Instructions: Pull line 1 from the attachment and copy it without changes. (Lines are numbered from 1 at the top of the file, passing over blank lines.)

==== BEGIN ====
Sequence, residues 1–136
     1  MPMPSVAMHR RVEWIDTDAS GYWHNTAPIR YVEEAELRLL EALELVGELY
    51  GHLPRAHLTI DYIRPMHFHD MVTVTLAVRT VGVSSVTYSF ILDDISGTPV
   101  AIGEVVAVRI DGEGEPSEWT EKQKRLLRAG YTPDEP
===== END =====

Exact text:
Sequence, residues 1–136